Anne Holton, wife of Democratic vice presidential nominee Tim Kaine, discussed school reforms with Albuquerque educators and parents Thursday, Oct. 27, at the Thomas Bell Community Center.
On the campaign trail, Holton says, her job is to listen to teachers, parents and students from around the country and take ideas back to Kaine’s running mate, Hillary Clinton.
“I am a huge advocate for pre-K — as is my husband, as is Hillary,” Holton said. “I am interested to hear what’s working, what’s not, and what we can do to help at the federal level to partner effectively with you here in New Mexico… to help advance the interests of all our children.”
Until recently, Holton was the Secretary of Education in Virginia, her home state. She is an accomplished lawyer and judge and has had a hand in foster care reform in Virginia, and nationally. She has also helped foster children in Virginia gain access to higher education.
In speaking with the local group, a dominant concern raised was the effect of the high poverty rate in New Mexico.
“We are a rural state,” said Virginia Trujillo, a member of the governing board at Central New Mexico Community College. “New Mexico is not Albuquerque, Santa Fe and Las Cruces — we have a lot of small communities here.”
Poverty and economic challenges are something we can’t ignore,” Holton answered, “We can’t use it as an excuse for failure, but we absolutely have to recognize it if we are going to help our schools in every zip code — our children in every zip code — be successful.”
Updating schools around the country — technologically and structurally — is on Clinton’s education plan and was another concern addressed by Holton.
“We’ve got to help support educators in the classroom but we’ve also got to strengthen communities and connections between communities and schools,” Holton said.
Holton pointed to broadband access, as an example. It can help rural states, such as New Mexico, as it helped in rural Virginia schools, she said.
Marisol Atkins, a former deputy secretary for Children, Youth and Families brought up the need to update the New Mexico educational system, given latest research on learning and childhood development.
“We’ve learned so much in recent years about brain development and the way children grow,” said Atkins, “and the way we educate our children needs to be updated as well.”
Trujillo added to that, saying not all children learn the same way.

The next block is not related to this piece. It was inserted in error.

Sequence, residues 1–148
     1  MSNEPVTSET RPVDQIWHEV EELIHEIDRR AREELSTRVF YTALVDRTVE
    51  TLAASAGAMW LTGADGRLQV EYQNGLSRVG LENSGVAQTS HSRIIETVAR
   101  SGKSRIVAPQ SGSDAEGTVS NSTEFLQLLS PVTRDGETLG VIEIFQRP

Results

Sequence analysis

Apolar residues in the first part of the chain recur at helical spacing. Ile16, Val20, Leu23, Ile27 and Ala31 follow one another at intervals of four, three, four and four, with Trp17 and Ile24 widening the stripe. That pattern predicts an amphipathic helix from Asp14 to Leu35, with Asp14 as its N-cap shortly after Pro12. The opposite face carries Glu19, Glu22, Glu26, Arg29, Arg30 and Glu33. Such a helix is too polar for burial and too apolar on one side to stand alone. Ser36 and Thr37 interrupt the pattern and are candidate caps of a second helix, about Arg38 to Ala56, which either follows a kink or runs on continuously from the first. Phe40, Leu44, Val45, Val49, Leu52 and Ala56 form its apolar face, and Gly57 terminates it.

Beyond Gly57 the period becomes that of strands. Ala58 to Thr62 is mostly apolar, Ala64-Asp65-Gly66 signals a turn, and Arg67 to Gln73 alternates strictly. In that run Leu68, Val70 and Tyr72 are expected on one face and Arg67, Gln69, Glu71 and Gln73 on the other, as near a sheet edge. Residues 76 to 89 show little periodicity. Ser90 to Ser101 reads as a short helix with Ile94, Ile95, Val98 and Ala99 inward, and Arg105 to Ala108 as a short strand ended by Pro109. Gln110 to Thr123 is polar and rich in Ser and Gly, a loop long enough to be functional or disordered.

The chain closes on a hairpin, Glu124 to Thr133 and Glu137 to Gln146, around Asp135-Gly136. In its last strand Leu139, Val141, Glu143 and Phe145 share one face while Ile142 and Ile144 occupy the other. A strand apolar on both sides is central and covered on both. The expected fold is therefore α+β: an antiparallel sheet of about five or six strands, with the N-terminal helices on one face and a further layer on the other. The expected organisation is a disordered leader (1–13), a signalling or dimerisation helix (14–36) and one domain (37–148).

“Our students in New Mexico, many of them are left brained and I have a theory that that’s why they’re failing because they are not being taught the way they learn,” Trujillo said.
Atkins also told Holton that schools should foster young children’s creativity while nurturing their emotional and social skills before teaching them math and science.
Another key concern that was discussed was standardized testing.
“Eight year olds should not be taking standardized tests where the average child takes three hours,” Holton said. “Oh my gosh, it’s clearly not developmentally appropriate.”
Ellen Bernstein, an elementary school teacher and head of the Albuquerque Teachers Federation emphasized making teaching a true profession.
“Hillary’s focus on teachers as professionals… we have a horrible time in New Mexico attracting and retaining really good confident and caring and qualified teachers because they leave to other states where the working conditions and the pay are all better,” said Bernstein, “So that idea of making teaching a true profession, I applaud that and hope we can do that in New Mexico.”
Another panelist, Erica Gallegos, a former early educator and now working for American Federation of Teachers, discussed having the right teachers in early education positions.
“We know that a child’s brain develops, 85 percent of their brain develops, by the time they are three years old,” Gallegos said, “And for that reason we need to make sure we’ve got highly qualified and highly compensated early educators in the classrooms.”
Gallegos also discussed paying teachers more than minimum wage. Gallegos says New Mexico has been working on increasing the funding level locally, but it will also take help federally because New Mexico revenue alone will not do the trick.
To raise pay and improve the teaching profession, Holton urged her audience to vote for Democrats and build coalitions.
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